WATCH ABOVE: Former NAACP leader addresses race claims on Today Show
Rachel Dolezal, the embattled president of the Spokane NAACP, has stepped down amid allegations that she lied about her ethnicity, pretending to be black while working for the civil rights organization.
She says in a resignation letter, which was posted to the Spokane NAACP 广州桑拿网 page Monday, that despite ongoing challenges like “police brutality, biased curriculum in schools, [and] economic disenfranchisement” the “ dialogue has unexpectedly shifted internationally to my personal identity in the context of defining race and ethnicity.”
She goes on to say that she “waited in deference” as others commented on her story after her parents told a local newspaper that she wasn’t actually black.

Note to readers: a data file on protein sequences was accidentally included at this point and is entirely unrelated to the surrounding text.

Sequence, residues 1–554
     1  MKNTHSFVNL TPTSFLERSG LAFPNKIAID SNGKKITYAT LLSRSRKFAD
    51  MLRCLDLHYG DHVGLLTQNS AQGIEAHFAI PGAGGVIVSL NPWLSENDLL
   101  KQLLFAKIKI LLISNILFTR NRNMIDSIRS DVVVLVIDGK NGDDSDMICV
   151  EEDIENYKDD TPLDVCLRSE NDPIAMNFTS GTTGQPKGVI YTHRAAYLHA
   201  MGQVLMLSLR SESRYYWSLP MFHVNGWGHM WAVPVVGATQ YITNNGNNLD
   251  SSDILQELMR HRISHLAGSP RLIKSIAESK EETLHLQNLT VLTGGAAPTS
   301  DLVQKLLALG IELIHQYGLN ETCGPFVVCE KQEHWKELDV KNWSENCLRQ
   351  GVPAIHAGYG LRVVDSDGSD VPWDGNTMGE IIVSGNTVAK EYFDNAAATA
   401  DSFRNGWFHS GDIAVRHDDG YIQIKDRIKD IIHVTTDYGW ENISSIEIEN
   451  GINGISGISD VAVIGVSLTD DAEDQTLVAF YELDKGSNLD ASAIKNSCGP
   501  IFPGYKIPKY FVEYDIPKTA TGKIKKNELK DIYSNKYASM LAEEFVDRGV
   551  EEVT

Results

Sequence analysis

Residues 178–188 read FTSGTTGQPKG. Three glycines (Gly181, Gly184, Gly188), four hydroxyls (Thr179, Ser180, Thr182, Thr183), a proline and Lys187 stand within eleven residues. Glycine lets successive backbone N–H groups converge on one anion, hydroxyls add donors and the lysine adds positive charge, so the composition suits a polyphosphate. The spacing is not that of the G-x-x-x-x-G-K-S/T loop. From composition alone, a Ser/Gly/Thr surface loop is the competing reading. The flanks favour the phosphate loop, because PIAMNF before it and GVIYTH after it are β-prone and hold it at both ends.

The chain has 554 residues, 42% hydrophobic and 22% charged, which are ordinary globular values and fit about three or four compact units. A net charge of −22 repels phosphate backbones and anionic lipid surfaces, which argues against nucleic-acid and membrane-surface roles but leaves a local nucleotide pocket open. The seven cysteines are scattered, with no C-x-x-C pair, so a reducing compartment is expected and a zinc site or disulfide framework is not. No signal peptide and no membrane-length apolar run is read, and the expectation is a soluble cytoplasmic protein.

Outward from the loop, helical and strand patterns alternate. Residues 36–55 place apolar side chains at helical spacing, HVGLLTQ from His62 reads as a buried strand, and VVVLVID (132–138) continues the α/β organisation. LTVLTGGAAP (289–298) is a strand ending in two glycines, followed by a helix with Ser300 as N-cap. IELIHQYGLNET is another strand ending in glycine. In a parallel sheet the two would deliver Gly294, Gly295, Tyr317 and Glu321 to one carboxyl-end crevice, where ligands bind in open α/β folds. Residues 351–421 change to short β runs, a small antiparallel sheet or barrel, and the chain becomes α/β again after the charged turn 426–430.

“I am consistently committed to empowering marginalized voices and believe that many individuals have been heard in the last hours and days that would not otherwise have had a platform to weigh in on this important discussion,” she wrote.
The NAACP issued a statement Friday afternoon supporting Dolezal.
“It is with complete allegiance to the cause of racial and social justice and the NAACP that I step aside from the Presidency and pass the baton to my Vice President, Naima Quarles-Burnley,” Dolezal wrote.
Her resignation came early Monday morning the day after she cancelled a chapter meeting where she was expected to speak about the controversy, and a petition was launched calling for her to take a leave of absence.
“It’s not about race, it’s about integrity,” Kitara Johnson, a member of the chapter who organized the petition, said. “If you’re a leader, you have to have integrity. She clearly lacks integrity. The other piece is credibility.”
Read Dolezal’s full statement below: